Nigerian Drug Convict Angry over Delayed Sentencing


A Nigerian national who was convicted by Criminal Court ‘C’ after he confessed to smuggling 484.4 grams of heroin with a street value of US$14, 582 via DHL into the country could not hold back his anger yesterday when his sentence hearing was rescheduled for a week.

Defendant Charles Akanlisa wondered what kind of justice system exists in Liberia when a “judge scheduled a hearing and he can’t be found in his courtroom.”

It took minutes for his lawyer, Attorney Richard Scott, to convince the furious defendant to let prison guards escort him back to his cell at the Monrovia Central Prison.

Akanlisa was earlier informed by Judge Emery Paye that his sentencing would have been made yesterday, but the judge did not show up.

Akanlisa was early yesterday morning escorted by prison guards to court with the expectation that he was going to get a lenient jail term due to his initial confession to avoid a prolonged trial.

Unfortunately for him, after waiting for hours in the sheriff’s office located in the courtroom, the judge did not show up, which annoyed Akanlisa.

It was then that Attorney Richard Scott, Akanlisa’s lawyer, arrived and told his client that his sentence would be delayed for a week, which did not go down well with him.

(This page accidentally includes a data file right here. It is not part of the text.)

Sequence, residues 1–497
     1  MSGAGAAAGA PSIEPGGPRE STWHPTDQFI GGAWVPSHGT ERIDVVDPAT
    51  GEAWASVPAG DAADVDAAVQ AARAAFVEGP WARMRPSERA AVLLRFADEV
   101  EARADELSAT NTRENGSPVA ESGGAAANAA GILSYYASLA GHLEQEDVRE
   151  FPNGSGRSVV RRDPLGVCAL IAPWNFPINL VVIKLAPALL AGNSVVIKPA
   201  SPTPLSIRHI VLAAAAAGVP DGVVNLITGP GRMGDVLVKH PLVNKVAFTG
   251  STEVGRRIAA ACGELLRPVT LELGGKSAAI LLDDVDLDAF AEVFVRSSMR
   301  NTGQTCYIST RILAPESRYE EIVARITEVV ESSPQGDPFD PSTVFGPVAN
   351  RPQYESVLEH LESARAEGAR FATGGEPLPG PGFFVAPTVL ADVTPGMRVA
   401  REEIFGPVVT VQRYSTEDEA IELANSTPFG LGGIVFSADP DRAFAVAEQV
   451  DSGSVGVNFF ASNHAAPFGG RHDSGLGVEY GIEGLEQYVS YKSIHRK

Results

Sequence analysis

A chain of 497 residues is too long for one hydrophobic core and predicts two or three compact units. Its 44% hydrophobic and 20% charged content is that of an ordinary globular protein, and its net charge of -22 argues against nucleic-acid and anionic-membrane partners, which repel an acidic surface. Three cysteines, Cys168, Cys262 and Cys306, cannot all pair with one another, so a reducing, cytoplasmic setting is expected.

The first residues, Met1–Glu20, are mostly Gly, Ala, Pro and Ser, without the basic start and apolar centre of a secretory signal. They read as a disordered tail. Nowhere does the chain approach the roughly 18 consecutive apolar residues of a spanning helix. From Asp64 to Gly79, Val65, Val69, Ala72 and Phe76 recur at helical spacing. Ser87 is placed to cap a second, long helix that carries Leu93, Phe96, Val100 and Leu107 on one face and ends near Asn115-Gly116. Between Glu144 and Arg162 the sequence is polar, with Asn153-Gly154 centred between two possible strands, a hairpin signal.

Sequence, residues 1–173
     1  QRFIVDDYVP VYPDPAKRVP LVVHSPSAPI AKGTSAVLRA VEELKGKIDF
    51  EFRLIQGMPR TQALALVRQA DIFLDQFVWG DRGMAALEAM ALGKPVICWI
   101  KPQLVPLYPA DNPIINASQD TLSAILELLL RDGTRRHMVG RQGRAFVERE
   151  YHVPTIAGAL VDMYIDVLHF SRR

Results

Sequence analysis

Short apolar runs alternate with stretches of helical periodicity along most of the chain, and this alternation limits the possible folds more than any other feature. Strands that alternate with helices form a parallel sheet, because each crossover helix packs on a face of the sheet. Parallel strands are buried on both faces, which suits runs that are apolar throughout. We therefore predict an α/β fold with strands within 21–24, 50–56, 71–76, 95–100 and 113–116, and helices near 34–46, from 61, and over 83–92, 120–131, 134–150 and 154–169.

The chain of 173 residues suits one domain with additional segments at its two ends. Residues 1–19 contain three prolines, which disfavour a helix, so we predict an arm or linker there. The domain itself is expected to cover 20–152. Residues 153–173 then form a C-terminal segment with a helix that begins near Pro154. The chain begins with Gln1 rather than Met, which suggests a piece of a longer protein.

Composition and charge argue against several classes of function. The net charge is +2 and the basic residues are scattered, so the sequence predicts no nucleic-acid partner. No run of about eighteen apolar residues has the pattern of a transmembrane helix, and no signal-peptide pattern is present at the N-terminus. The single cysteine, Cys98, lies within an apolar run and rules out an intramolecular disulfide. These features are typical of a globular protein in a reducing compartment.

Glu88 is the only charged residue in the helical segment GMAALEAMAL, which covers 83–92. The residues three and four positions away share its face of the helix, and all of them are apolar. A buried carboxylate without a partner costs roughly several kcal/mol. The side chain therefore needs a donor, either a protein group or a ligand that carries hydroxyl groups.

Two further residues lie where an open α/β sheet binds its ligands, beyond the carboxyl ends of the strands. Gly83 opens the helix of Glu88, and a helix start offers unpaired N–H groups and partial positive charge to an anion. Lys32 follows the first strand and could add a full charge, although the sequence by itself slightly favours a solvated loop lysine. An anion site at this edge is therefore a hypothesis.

Atty. Scott said the delay was to give the Correction and Probation Bureau at the Ministry of Justice (MOJ) enough time to conduct pre-sentence investigation of Akanlisa’s behavior in his community.

The case began in 2015 when officers of the Liberia Drug Enforcement Agency (DEA) launched a manhunt for one Comfort Wleh after they were tipped off that she was the recipient of a package shipped from Kampala, Uganda, to Monrovia through the DHL.

She was on her way to the Broad Street, Monrovia office of the DHL where officers had set up to intercept her and take delivery of the parcel.

However, she fled the scene after she was allegedly tipped off by Gabriel Doe and Andrew Nah, employees of the DHL, about her impending arrest.

During her investigation, Comfort Wleh named her fiancée, Uache Ude, also a Nigerian, and Akanlisa as the masterminds of the importation of the substance into the country.

Afterward, they were charged with “unlicensed sale, administration, trading, dispensation, delivery, distribution, dispatch in transit and transportation of a controlled drug,” which is a first degree felony.

But the charges were dropped against Ms. Wleh and Ude when Akanlisa admitted that they had no knowledge of the illegal transaction.


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